Puppy Training Tips from the 'Wolf Whisperer'

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By: A.J. Hilton
April 28, 2016

We have two new puppies in the WCTV family, sibling labradoodles Chewie and Nori.

Anyone who owns a dog knows that puppies can certainly be a handful and proper training is important to raising a good dog. So we called in an expert for some advice.

“These are not just little humans that you just adopted.”

That's Bryan Bailey-- who calls himself the 'wolf whisperer.' He's an author and behaviorist... and celebrities like musician John "Cougar" Mellencamp and NFL wideout Julio Jones have requested his services. He's now helping us... with our pups.

“I don't have an issue with dogs sleeping with humans in their beds. I don't have an issue with dogs on furniture. But think down the road -- if you do, you don't want your dog sleeping with you, don't start now,” Bailey says.

What to start doing now is exercising patience.

“For most dogs -- notice I said most -- doesn't happen in a few weeks. It takes literally months. 4 to 5, even six months for some dogs to finally pull all of this together,” says Bailey.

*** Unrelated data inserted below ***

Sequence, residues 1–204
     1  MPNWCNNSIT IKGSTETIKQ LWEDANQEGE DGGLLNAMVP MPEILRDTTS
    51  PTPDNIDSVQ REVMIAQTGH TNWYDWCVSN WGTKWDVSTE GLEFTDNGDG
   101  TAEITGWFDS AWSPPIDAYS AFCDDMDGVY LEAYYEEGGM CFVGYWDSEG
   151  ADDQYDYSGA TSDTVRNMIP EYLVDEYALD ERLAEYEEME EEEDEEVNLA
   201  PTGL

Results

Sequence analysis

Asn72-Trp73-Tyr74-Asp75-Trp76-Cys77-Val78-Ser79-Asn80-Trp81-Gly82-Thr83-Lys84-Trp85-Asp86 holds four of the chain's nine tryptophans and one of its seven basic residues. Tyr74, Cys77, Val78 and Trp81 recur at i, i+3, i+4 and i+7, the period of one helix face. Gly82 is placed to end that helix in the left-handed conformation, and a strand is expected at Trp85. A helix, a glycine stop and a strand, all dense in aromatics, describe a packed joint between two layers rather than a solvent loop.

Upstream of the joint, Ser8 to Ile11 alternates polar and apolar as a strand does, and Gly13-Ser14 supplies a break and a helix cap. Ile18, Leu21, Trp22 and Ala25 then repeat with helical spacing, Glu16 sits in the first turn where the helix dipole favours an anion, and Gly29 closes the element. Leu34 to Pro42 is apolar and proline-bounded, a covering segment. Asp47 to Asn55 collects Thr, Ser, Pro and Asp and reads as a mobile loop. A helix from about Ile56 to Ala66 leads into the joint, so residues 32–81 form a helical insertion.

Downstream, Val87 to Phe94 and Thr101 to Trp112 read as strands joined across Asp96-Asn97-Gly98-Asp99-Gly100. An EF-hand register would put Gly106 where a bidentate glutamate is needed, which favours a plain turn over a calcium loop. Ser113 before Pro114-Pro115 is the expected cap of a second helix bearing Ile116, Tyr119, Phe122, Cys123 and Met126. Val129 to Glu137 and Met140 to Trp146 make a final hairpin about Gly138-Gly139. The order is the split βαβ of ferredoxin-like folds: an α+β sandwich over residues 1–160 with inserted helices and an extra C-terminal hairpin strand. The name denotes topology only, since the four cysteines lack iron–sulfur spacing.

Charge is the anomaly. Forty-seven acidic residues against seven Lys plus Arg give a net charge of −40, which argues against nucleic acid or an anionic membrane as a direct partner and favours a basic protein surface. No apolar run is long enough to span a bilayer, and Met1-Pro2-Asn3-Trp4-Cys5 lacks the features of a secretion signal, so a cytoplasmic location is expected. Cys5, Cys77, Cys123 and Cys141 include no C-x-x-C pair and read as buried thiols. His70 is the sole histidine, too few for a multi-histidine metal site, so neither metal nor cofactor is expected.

“What do you do when they do go potty in front of you?” we asked.

“I actually wait 'til the pup starts to go potty. Cause now I caught the children's hand on the cookie jar. it's easy to clean up what a little puppy like this. Let them start to go. Then correct them with a good stern 'No,'" Bailey says.

As for treats for training, Bryan recommends a boatload. Nori was proof that they work.

Chewie is still a work in progress -- ignoring commands and posing for the camera.

"Earth to Chewie," Bailey laughed.

"Watch what happens. Come. Sit. I'm going to rock [the treat] over his head. Sit. I'm going to be patient," Bailey said.

Holding the treat over the puppy's head naturally causes him to sit down.

Okay. We've got potty training, come, and sit down. What about biting?

“May have to push a little firmer, like you mean it. I don't want to do this anymore. If this fails, I recommend just go put them back in their den."

One pup we couldn't separate from Bryan-- his one-year-old puppy named Captain.

We ended our training talking affection. You can NEVER give enough, and sometimes that includes a really big hug.

“You ready buddy? Gimme a hug!" Bailey says, as Captain jumps right into his arms. "That a boy!"

Bryan recommends working your dog's behaviors into your normal life. Whether that's walks, trips to the park -- he says all day every day is a possible training scenario, not just a carved out moment in time.



 

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